Supply and Demand is destined to supply bargain bins nationwide, and with record sales on an overall decline; it's safe to say that Playaz Circle may get a demand from Def Jam--to never release another album.
Being a member of a popular rapper's entourage is enough to
get one (or a group, in this case) access to groupies, studio time and new
surroundings. Nearly every MC to grace the Billboard charts have used their
success to "put the homies on", allowing crew members to drop albums--whether or
not they had actual talent. From Jay-Z
(Memphis Bleek), to Nelly (The St. Lunatics) and every sixteen spitter in between, the thing
to do in Hip Hop was make it big and take the crew along for the ride. In the
new millennium, the industry co-sign for a newcomer is just as--if not more
than--important as the quality of the music. The end result of the "get signed
by association" produced a few diamonds in the rough, but record store shelves
were bombarded by albums that shouldn't have seen the light of day by artists
we never should've been cursed to hear.
Such is the case with Playaz
Circle. Composed of Tity Boi and
Dolla, this duo may end up
remembered as "those-guys-who-Ludacris-put-on-that-had-the-song-with-Lil Wayne"
than as Playaz Circle. Their Disturbing the Peace/Def Jam debut, Supply and Demand falls flat from
start to 11 track finish. Craig Mack
said it best: "You won't be around next
year." The album's lead single, the Lil Wayne assisted, M16
produced Duffle Bag Boy is the disc's
standout cut. However, this writer can't tell if the song is good because it's
genuinely good or because radio, BET, and MTV say it is. Tity Boi shines on the opening verse, spitting "You niggas barely dressing, I got thousands piling/ that's that salad
dressing, I'm on my Thousand Island." Unfortunately for the Duffle Bag Boys, Weezy F. Baby steals the show--not with a verse, but a catchy hook.
The rest of the album--while boasting production from heavy
hitters Mannie Fresh, Midi Mafia, DJ Toomp--offers uninspired and rehashed tails of commercial Hip
Hop's favorite subjects: excess, women (Paint
Still Wet), and overdosed masculinity (Outlaw). Dear Mr. LA Reid, Supply's introduction is an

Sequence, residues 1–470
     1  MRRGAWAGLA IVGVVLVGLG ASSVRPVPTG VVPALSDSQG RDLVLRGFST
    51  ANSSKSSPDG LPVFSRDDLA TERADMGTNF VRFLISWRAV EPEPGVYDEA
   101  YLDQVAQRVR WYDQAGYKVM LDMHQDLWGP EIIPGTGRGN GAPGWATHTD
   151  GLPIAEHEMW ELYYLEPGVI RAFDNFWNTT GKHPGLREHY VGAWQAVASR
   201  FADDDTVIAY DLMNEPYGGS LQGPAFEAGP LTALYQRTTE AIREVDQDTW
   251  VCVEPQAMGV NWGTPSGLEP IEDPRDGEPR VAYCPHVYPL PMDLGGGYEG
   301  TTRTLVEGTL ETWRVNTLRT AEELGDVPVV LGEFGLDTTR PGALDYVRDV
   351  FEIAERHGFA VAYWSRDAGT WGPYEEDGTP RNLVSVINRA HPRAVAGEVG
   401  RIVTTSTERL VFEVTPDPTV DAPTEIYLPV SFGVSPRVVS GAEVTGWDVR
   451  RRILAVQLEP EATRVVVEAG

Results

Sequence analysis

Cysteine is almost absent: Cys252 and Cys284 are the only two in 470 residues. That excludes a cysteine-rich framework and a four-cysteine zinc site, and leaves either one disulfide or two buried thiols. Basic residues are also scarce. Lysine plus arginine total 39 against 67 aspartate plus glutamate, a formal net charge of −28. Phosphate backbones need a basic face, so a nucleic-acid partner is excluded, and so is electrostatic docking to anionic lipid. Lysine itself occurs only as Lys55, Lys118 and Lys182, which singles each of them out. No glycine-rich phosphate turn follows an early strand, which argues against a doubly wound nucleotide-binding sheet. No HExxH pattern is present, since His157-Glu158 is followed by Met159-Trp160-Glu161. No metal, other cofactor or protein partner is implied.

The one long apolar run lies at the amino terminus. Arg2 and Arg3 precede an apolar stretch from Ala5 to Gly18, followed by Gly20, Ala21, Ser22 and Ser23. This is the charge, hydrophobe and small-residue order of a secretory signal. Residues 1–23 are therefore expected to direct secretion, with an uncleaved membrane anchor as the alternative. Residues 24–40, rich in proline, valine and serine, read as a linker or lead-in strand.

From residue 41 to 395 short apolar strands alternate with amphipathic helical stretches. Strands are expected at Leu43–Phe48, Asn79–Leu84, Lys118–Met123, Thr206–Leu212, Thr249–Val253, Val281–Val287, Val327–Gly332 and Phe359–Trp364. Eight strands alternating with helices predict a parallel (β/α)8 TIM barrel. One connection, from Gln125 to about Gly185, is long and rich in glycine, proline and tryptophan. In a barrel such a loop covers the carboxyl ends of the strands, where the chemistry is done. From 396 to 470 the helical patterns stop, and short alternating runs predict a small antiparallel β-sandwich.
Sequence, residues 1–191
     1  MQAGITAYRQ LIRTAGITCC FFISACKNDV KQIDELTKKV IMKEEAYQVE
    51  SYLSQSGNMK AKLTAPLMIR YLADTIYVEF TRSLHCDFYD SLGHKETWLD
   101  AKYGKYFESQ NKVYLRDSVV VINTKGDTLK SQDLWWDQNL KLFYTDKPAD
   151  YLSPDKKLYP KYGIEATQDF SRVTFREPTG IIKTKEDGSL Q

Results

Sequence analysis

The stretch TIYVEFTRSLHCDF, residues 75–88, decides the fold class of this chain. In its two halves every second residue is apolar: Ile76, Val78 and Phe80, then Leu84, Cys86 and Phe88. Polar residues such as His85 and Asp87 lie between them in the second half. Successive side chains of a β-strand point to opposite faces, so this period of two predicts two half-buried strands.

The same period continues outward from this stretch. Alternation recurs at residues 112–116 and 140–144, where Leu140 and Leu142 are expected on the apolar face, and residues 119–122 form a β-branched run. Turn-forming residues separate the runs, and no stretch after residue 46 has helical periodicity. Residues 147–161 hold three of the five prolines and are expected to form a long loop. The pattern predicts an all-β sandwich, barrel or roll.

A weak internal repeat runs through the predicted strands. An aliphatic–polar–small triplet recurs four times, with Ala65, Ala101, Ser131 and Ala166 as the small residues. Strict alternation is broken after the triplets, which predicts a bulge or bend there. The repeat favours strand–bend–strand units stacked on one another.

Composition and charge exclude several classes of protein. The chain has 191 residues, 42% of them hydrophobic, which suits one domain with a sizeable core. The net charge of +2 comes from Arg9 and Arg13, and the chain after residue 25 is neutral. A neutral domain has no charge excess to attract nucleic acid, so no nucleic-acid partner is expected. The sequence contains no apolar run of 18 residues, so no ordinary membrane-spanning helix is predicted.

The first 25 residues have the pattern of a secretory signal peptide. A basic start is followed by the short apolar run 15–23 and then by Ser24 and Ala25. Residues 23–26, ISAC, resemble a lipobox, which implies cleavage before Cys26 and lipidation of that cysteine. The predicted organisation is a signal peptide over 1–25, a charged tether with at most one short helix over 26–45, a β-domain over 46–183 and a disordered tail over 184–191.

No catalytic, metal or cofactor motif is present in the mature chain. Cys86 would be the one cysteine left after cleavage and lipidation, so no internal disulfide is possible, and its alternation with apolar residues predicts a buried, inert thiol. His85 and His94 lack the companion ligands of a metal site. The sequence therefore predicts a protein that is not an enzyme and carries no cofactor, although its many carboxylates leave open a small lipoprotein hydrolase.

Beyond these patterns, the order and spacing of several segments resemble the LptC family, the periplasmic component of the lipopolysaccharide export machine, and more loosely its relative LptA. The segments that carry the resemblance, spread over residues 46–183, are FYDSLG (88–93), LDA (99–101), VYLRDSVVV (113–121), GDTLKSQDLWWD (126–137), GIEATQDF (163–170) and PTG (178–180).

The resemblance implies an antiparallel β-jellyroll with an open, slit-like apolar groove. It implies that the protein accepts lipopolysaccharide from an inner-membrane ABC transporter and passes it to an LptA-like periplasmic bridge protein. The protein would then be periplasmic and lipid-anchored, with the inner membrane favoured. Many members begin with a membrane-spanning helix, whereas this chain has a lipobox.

autobiographical account of Tity and
Dolla's ascent to radio play.
Unfortunately neither of the two is able to capture the listener's attention,
with the typical tale of rap or die. The reference to Lil Wayne (Duffle Bag
Boys and they wouldn't even believe you, Wayne sang on it and they made it a
single) may be a testament to the power of a superstar cameo. While the duo
talks about the pitfalls of the trap, they fail to leave it behind. #1 Trap Pick basks in the high life (no
pun intended) of hustling on the block and being "fresh everyday like the first day of school." The song's intro
reminds us that Playaz Circle "didn't
plan to drop an album this year", proving that the first thought is often
Supply and Demand's
bright spots are few and far between. Both men shine on the album's closer, Let
Me Fly, a track about the ups and downs of life. Playaz Circle gets a John
Stockton style assist courtesy of the soulful, Sunday morning sounding beat and
the unidentified singer (who, like the other guests, steals the show). Contributing to a less than stellar debut is the fact that Tity Boi and Dolla are outshined by EVERY guest that appears on the album. Aside
from the aforementioned Lil Wayne, Shawnna (Gucci Bag), DTP co-founder
Ludacris (Betta Knock and U Can Believe
It) and Phonte of Little Brother fame (the soulful hook
of Paper Chaser) deliver strong
performances. However, the cameos aren't nearly enough to save this album.
Supply and Demand
is destined to supply bargain bins nationwide, and with record sales on an overall decline;
it's safe to say that Playaz Circle
may get a demand from Def Jam--to
never release another album.